Presentation on theme: "The National Climate Assessment: Overview Glynis C. Lough, Ph.D. National Climate Assessment US Global Change Research Program National Coordination Office."— Presentation transcript:
The National Climate Assessment: Overview Glynis C. Lough, Ph.D. National Climate Assessment US Global Change Research Program National Coordination Office http:// assessment.globalchange.gov December 17, 2013
US Global Change Research Program Global Change Research Act (1990) Mandate: “To provide for development and coordination of a comprehensive and integrated United States research program which will assist the Nation and the world to understand, assess, predict, and respond to human-induced and natural processes of global change.” 13 Federal Departments & Agencies + Executive Office of the President
National Climate Assessment: GCRA (1990), Section 106 …not less frequently than every 4 years, the Council… shall prepare… an assessment which – integrates, evaluates, and interprets the findings of the Program (USGCRP) and discusses the scientific uncertainties associated with such findings; analyzes the effects of global change on the natural environment, agriculture, energy production and use, land and water resources, transportation, human health and welfare, human social systems, and biological diversity; and analyzes current trends in global change, both human- induced and natural, and projects major trends for the subsequent 25 to 100 years.
Previous National Climate Assessments Climate Change Impacts on the United States (2000) Climate Change Impacts in the United States (2009) http://nca2009.globalchange.gov/
The “New” National Climate Assessment Goal Enhance the ability of the United States to anticipate, mitigate, and adapt to changes in the global environment. Vision Advance an inclusive, broad-based, and sustained process for assessing and communicating scientific knowledge of the impacts, risks, and vulnerabilities associated with a changing global climate in support of decision-making across the United States.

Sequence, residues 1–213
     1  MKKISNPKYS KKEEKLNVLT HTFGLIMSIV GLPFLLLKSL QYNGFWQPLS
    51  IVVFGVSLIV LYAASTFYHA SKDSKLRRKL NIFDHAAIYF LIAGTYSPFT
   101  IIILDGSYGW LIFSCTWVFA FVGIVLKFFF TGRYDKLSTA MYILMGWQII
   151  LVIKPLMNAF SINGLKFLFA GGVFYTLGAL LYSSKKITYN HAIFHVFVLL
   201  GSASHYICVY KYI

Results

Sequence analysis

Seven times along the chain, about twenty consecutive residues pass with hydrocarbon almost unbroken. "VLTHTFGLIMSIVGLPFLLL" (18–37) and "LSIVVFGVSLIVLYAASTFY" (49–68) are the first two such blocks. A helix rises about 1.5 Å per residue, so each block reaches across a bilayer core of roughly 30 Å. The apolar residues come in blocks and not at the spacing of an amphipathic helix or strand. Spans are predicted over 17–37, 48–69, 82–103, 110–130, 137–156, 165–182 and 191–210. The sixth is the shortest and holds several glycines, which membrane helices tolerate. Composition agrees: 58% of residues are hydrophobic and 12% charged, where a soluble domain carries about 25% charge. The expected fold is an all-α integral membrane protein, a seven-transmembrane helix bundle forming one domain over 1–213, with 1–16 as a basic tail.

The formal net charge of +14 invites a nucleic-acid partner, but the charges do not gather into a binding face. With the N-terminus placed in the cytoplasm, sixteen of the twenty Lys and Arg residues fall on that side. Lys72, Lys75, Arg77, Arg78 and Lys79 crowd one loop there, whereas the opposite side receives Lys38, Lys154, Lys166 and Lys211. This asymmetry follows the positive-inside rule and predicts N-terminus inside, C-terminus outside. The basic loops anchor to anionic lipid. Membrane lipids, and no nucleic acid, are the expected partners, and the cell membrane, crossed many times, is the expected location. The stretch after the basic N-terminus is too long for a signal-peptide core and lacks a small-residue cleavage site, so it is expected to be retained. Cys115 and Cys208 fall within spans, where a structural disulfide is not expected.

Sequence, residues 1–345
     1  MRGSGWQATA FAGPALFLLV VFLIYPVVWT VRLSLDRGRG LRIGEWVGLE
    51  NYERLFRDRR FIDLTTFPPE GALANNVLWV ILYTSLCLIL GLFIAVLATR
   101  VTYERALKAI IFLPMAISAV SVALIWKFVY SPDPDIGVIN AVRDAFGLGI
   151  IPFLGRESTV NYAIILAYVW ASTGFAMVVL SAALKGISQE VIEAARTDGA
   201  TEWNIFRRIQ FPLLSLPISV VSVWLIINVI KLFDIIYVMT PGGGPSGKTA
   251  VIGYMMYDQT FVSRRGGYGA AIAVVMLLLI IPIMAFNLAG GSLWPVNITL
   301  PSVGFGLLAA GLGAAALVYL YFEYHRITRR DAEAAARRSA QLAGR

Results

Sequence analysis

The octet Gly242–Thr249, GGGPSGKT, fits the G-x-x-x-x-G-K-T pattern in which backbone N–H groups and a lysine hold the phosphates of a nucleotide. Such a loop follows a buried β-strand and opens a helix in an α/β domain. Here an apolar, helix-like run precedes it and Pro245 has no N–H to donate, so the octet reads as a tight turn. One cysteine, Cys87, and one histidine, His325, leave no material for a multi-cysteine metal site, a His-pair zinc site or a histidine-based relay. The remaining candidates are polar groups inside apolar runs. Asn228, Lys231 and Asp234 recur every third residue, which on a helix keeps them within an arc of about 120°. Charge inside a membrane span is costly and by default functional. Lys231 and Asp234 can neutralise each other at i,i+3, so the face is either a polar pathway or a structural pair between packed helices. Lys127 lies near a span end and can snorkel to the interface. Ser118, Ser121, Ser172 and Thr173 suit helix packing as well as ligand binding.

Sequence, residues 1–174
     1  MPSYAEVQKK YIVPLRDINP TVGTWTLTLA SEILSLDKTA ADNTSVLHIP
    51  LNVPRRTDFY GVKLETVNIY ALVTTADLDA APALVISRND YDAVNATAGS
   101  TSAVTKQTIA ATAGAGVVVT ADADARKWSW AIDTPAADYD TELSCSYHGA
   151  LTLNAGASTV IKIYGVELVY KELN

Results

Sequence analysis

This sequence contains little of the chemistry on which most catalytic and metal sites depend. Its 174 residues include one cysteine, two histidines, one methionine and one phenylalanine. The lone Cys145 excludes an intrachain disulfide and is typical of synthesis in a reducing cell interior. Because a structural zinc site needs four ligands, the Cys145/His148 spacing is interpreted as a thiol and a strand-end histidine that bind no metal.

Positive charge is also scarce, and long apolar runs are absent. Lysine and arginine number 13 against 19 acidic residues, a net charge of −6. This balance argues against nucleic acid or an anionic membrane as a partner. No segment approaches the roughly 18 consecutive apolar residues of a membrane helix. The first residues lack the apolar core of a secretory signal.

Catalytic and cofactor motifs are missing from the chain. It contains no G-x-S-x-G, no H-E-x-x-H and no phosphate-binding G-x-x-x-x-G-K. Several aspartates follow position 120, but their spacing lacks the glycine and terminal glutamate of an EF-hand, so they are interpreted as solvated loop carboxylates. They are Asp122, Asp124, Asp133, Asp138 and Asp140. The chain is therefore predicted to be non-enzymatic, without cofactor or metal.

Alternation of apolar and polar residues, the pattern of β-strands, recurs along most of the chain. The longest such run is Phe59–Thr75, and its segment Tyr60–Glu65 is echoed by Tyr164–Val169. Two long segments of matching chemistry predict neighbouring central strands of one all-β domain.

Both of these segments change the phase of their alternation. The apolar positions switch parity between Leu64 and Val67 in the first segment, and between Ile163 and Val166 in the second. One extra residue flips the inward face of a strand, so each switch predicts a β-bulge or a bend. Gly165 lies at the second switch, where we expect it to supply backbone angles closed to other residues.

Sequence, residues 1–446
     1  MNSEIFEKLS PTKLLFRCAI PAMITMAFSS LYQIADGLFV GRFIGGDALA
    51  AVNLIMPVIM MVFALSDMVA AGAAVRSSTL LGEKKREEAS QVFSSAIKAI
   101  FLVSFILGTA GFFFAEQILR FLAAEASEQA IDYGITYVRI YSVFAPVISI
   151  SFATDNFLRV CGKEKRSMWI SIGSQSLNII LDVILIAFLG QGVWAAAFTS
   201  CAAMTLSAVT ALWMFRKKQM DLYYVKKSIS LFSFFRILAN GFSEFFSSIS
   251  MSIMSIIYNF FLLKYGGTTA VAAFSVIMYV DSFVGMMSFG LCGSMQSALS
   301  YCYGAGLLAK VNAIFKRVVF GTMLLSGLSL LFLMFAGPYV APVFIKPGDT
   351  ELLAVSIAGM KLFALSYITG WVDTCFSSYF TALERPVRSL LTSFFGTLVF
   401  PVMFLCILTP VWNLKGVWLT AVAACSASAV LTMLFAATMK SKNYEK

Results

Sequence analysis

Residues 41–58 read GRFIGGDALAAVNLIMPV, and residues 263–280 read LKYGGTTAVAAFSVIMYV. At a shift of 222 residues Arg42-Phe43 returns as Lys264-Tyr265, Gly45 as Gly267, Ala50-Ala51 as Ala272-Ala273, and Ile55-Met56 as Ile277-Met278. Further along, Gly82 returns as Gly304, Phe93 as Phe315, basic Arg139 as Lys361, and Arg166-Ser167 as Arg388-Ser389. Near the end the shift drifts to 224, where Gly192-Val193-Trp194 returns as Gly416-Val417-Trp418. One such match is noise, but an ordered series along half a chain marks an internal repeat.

Third NCA Report Process Technical Input Teams Chapter Author Teams NCADAC Technical Inputs (March 1, 2012) Chapters (June 1, 2012) Draft Report (Fall 2012) Public and Expert Review Agency & White House Review Third NCA Report Spring 2014 January 14 – April 12, 2013 Multiple Revisions of Draft Report (July – Nov 2013) Federal agencies, universities, NCAnet members, and others Dec – Feb 2013 Sustained Assessment
Scenarios www.scenarios.globalchange.gov Regional climatologies and projections Global Sea level rise scenarios
Outline for Third NCA Report Letter to the American People Executive Summary: Report Findings Our Changing Climate Sectors & Sectoral Cross-cuts Regions & Biogeographical Cross-cuts Responses – Decision Support – Mitigation – Adaptation Agenda for Climate Change Science The NCA Long-term Process Appendices – Commonly Asked Questions – Expanded Climate Science In fo 8